Then the adverts came on and I thought I was safe. Instead I was confronted by a short piece consisting solely of an angry woman’s face telling me to ‘Get the jab!’. It felt like the broadcast had been taken over by a Batman villain.

True, the ad was technically nothing to do with the football, but the point is I had simply had my fill of spoiled matches interspersed with jarring propaganda.

I was watching the game to see if Bruno Fernandes would manage to score a goal from open play, or if Mourinho would get sent off from the touchline again, not to be sold radical political ideologies or get shouted at about my health decisions via some kind of NHS-themed hostage video.

It has not been an easy decision for me to quit football (watching it, that is – I played 5-a-side just last week and gained a new level of respect for the players’ fitness when after about five minutes my Fitbit told me I was technically dead). And that is as it should be: a boycott has no meaning unless there is genuine sacrifice.

Growing up in a remote northern village, football was everything to us. Watching the Italia 90 World Cup as a young boy was literally magical. I am telling you it was actual magic. Beauty and tragedy combined in an epic contest that, despite being a small child, I remember better than whatever I did last week (tweeted about lockdown while eating Nutella, is my best guess).

Platt’s last-minute goal against Belgium, Gazza crying, Waddle hitting the post against West Germany. And of course the penalties, which I still can’t even talk about without getting upset. It will stay with me forever.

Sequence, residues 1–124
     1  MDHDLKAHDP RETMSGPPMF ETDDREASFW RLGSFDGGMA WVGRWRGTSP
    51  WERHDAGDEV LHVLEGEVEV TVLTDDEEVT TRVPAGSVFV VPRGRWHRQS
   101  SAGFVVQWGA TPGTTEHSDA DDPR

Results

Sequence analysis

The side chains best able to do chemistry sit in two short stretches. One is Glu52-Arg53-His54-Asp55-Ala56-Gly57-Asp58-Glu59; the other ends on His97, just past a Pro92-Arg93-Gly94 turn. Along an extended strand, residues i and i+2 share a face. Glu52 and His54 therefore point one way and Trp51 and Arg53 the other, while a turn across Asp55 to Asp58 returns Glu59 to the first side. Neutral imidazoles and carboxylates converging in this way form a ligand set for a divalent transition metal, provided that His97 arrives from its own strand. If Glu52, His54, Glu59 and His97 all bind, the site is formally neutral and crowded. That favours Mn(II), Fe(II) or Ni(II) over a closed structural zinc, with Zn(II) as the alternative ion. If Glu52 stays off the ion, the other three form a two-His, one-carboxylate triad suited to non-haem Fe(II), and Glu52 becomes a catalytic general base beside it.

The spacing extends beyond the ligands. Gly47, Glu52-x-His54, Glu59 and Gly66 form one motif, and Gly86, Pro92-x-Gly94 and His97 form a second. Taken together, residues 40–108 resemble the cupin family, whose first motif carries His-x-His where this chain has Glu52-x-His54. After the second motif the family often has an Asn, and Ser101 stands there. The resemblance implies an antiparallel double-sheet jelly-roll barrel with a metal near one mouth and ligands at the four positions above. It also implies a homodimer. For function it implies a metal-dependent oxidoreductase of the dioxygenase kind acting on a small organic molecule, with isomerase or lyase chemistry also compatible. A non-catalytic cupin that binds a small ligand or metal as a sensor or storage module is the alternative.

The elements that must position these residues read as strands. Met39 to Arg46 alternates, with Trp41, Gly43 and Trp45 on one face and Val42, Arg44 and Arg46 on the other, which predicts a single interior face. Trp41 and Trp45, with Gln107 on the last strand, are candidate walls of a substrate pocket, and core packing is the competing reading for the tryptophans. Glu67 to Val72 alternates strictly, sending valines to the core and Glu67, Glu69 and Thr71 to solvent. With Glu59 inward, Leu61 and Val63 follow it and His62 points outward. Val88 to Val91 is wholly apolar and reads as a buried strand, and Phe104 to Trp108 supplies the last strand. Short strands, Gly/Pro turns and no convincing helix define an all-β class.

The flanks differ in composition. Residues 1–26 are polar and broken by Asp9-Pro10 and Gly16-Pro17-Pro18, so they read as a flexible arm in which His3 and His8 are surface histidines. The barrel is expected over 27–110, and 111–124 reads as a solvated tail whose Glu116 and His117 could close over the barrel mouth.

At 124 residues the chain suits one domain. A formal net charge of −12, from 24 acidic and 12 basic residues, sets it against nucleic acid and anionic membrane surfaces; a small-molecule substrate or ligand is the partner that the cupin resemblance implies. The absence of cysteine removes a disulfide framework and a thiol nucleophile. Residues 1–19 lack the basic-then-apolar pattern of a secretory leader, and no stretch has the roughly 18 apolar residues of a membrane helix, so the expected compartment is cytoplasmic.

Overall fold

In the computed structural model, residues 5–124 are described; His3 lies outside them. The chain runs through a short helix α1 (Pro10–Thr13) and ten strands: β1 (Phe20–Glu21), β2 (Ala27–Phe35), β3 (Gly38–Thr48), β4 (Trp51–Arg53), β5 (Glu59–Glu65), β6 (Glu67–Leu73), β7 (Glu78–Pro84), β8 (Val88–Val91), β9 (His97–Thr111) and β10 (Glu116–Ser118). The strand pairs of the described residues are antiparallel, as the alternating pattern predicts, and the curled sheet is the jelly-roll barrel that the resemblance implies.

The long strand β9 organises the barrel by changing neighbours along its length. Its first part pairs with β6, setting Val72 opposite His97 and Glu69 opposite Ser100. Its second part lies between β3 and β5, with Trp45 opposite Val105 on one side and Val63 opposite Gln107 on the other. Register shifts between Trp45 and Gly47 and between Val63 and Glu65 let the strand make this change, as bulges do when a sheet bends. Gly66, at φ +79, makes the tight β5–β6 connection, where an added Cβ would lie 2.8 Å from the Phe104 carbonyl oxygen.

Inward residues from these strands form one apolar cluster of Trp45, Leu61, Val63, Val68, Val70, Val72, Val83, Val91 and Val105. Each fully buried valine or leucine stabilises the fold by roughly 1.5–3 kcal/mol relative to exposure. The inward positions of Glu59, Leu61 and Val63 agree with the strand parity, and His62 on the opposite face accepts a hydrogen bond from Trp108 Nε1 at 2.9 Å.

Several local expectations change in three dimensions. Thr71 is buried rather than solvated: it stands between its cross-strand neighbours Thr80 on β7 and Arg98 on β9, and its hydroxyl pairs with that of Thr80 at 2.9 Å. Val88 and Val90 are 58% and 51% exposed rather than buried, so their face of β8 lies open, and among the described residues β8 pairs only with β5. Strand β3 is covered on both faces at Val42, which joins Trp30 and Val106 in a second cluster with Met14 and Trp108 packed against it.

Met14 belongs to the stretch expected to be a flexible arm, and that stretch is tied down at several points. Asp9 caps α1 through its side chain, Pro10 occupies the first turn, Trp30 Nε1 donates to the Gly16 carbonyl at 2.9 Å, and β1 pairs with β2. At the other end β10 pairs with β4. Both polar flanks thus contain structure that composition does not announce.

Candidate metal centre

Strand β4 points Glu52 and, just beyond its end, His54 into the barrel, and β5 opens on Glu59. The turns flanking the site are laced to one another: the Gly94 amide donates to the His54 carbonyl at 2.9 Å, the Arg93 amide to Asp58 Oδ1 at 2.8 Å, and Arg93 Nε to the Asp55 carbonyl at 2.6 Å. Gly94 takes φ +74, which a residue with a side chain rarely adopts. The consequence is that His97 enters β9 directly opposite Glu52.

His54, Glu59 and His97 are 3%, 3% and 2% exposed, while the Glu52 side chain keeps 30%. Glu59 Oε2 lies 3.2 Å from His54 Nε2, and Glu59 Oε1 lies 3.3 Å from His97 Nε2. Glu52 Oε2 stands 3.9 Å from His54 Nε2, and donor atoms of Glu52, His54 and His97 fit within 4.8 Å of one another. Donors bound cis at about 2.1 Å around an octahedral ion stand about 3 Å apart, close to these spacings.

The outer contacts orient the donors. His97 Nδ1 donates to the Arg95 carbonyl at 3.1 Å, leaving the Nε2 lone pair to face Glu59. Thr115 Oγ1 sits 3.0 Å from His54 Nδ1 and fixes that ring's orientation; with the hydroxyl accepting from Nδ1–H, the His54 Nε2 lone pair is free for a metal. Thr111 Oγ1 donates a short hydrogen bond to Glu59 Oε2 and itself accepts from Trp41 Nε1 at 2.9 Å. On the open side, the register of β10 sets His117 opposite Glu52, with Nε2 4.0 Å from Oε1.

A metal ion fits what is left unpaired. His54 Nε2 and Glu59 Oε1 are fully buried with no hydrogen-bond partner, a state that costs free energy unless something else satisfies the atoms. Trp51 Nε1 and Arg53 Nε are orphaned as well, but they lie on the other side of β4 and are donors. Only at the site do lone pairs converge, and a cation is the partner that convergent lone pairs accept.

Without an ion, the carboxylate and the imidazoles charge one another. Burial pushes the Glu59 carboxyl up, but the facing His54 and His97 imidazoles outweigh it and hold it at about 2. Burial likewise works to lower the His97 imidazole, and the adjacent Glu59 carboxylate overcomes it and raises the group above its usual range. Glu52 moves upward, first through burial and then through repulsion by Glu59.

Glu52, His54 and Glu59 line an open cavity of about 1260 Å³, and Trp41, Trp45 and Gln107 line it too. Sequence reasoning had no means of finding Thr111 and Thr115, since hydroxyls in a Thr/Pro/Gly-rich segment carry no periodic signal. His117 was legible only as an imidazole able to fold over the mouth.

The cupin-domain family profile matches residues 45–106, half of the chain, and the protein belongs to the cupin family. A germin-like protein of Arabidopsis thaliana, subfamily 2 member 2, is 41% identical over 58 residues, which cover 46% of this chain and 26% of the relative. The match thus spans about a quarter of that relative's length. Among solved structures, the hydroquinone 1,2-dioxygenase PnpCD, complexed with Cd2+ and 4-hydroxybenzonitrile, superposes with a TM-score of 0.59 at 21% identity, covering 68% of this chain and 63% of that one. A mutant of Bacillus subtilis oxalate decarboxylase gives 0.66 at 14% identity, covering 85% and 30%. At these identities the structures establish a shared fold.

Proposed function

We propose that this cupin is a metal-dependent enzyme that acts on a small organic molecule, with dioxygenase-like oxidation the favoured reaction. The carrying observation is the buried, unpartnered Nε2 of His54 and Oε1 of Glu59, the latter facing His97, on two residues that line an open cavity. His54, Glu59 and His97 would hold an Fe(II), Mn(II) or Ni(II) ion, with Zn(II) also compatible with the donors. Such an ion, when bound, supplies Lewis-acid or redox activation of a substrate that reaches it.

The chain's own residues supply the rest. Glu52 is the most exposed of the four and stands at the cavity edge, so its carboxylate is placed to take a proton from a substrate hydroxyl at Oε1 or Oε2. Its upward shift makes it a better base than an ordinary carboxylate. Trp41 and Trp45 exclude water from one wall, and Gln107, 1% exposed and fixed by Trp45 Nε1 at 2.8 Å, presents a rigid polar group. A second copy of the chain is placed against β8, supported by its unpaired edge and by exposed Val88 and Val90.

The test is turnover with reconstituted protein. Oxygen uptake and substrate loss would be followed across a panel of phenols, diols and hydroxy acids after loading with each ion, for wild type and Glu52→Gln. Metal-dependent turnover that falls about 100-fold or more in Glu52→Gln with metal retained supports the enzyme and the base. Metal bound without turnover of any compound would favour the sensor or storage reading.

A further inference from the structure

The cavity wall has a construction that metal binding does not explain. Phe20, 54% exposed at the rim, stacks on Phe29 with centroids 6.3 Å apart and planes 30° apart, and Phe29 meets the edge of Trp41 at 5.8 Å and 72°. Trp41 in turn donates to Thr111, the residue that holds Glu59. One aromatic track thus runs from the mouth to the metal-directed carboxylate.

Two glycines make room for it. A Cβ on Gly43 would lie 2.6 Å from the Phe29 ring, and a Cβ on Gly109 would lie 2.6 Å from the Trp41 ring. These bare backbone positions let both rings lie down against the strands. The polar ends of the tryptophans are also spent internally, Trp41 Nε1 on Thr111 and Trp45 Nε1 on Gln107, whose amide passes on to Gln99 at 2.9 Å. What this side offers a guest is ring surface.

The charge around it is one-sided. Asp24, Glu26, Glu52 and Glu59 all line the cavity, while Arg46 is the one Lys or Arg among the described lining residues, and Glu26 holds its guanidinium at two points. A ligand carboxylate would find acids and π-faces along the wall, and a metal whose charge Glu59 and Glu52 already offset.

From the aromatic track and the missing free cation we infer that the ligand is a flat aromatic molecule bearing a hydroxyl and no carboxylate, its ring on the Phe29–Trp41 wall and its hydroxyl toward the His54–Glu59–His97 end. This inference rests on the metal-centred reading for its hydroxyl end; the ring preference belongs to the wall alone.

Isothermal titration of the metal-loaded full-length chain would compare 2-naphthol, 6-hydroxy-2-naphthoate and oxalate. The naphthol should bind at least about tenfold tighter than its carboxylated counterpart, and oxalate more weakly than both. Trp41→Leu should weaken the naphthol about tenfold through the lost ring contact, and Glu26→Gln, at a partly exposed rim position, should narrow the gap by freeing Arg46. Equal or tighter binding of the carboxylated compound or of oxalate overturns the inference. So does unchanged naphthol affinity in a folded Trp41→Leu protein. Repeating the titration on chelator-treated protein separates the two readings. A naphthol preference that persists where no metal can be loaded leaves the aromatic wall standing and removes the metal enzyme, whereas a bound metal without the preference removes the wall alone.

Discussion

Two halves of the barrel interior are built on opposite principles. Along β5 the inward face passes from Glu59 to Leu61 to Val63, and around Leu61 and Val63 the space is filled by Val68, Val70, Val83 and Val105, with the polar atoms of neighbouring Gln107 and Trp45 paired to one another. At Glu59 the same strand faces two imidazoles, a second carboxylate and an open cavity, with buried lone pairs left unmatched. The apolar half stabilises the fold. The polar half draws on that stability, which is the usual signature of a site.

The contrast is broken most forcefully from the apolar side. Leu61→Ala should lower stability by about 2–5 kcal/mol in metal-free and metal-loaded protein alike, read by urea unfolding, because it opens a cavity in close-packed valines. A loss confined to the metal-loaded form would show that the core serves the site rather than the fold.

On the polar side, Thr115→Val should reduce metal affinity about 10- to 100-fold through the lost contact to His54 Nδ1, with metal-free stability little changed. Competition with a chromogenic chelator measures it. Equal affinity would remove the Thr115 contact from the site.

Now we are in a very different world. Gazza is a troubled alcoholic, though thankfully still with us. Gary Lineker, a hero then, has turned out to be one of the very worst people in the world. And football itself has become a corrupt, politically correct, increasingly dull spectacle intent on causing its own slow suicide (David Platt seems cool, though).

Football, always central to our culture, has become a meeting point for the triple threat of globalism, wokeism and safetyism.

Globalism, as well as the general shift towards a feudal society led by a handful of billionaires, is perfectly exemplified by the proposed new Super League. The idea is (or was?) that a select few European teams, owned by very rich people from around the world, would compete repeatedly against each other in a pointless, elitist circle jerk with no jeopardy, financed by JP Morgan and generating revenue not necessarily through ticket sales, but from, for example, selling off the TV rights to China.